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Gold giant sets ambitious targets


Mining giant Kuvimba Mining House has set itself ambitious goals to double gold production at all its mines and expedite exploration programmes on various non-operating gold assets in order to determine the viability of recommissioning them.

KMH, which now employs just over 3 000 people in all its gold, chrome and nickel operations, is expected to significantly increase its workforce by bringing more mines into operation.

KMM general manager chief operating officer, Cobus Bronn, said his company had managed to stabilise and increase metal output through the reinvestment of capital in the operations.

“KMH recognises and understands the importance of providing the required sustaining capital to its operations to ensure sustainable and improved production at the lowest possible operating costs,” Bronn said.

In partnership with the government, the mining giant owns and manages three operating gold mines, Freda Rebecca (FRGM), Shamva and Jena as well as three non-operating gold mines; various chrome operations and an operating nickel mine.

Freda Rebecca was producing 150 kgs of gold per month, but in May, doubled its production and beat a 20-year record, by producing 300kg in one month.

“During the previous decade (2011-2020) FRGM produced on average between 1 500kg and 2 100kg gold per annum. Within the first year of full ownership, financial year 2021 (April 2020 to March 2021), KMH has managed to increase gold production to 2690kg,” Bronn said.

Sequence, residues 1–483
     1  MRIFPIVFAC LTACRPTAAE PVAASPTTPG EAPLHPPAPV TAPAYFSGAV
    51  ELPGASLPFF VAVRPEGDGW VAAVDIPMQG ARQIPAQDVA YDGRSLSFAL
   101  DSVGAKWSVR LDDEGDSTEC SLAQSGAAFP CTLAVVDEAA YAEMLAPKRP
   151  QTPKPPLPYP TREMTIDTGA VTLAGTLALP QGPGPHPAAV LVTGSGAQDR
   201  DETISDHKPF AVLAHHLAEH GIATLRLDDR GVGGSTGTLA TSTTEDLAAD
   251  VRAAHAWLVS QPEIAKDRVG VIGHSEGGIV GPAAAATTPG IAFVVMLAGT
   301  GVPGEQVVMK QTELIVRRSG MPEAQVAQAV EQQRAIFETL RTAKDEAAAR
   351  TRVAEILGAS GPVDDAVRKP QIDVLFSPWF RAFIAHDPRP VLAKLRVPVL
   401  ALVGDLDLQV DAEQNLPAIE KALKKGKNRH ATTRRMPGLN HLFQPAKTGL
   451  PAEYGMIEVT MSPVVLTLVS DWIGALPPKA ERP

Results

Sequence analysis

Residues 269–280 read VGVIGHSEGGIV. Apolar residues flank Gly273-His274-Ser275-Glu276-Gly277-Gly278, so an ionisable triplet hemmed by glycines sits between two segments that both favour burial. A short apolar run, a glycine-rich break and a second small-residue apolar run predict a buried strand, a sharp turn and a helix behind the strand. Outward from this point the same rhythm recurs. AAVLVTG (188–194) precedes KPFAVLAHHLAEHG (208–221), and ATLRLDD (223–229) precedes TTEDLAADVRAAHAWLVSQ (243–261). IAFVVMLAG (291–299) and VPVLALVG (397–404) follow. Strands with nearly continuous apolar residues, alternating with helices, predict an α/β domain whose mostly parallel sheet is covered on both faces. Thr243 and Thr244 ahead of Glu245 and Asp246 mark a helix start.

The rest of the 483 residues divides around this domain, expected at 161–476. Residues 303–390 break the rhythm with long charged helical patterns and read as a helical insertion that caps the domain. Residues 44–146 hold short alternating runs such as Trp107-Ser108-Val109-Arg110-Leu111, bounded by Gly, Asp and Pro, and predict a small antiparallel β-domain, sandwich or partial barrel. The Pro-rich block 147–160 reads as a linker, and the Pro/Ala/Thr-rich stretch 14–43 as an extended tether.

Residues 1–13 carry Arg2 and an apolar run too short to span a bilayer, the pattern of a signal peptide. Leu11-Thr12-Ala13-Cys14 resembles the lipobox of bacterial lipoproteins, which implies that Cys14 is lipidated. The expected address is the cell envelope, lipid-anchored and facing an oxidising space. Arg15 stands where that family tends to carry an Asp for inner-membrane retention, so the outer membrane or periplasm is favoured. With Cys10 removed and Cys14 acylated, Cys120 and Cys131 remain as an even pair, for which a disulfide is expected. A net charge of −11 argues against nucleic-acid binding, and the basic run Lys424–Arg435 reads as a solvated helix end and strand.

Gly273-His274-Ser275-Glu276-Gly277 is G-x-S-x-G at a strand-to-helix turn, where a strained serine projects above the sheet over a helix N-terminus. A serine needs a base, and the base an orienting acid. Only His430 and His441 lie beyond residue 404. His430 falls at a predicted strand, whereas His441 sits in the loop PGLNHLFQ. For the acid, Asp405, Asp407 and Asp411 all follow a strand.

“The budget plan for the current financial year is to increase production of gold to 3 215kg per annum.”

Bronn added: “KMH re-commissioned the Shamva underground mine during June 2020 at an initial production level of 20 000t run of mine gold ore per month.

“The gold ore production doubled to 40 000t per month in less than a year.

“Once fully developed, Shamva will become the biggest gold mine in Zimbabwe and aim to produce up to 3 500kg gold per annum.”

Bronn said Jena Mines historically produced between 15 and 22kg of gold per month, but KMH has a plan to increase the gold production from the current capacity of over 330 kg per annum to 1 000kg within three years, which equates to a 300% increase.

“This increase will be achieved through increasing the processing plant capacity and developing the underground resources,” Bronn said.

He said KMH will, during the second half of the year; roll out an extensive exploration program on various non-operating gold assets in order to determine the viability of recommissioning them.

Collectively, he said, the non-operating mines, which have been neglected for a while have the potential to produce in the excess of 1,200kg gold per year.

With the assistance of KMH, he said, Bundura Nickel Corporation (BNC) completed the shaft deepening project in April 2021 in a testament to Kuvimba’s operational capabilities.

“The shaft deepening project was completed in one month even though this project was initiated over 17 years ago in 2003 with little success due to various reasons including mismanagement, and lack of reinvestment,” Bronn said.

“BNC is now in the process of extending the down dip exploration program in an attempt to further increase the life of mine and to improve the mining flexibility.

“BNC expects to increase nickel production to over 6 000t for the current financial year.”

KMH is also assisting the GDI-Darwendale PGM project which aims to produce up to 295 000 Oz of PGMs within four years.

KMH has also helped Zimbabwe Alloys Limited (ZAL), which has been under judicial management, clear off its debts.

“The short-term plan is to commence mining lumpy chrome ore followed by a review of the re-commissioning of one of the furnaces at Gweru plant,” Bronn said.

“The alluvial chrome claims have limited life and therefore a study is being undertaken to develop a feasible and safe underground mine plan.

“KMH aims to produce 200 000 tonnes of chrome within the first twelve months and double this to more than 400 000 tonnes of chrome per annum by year five.

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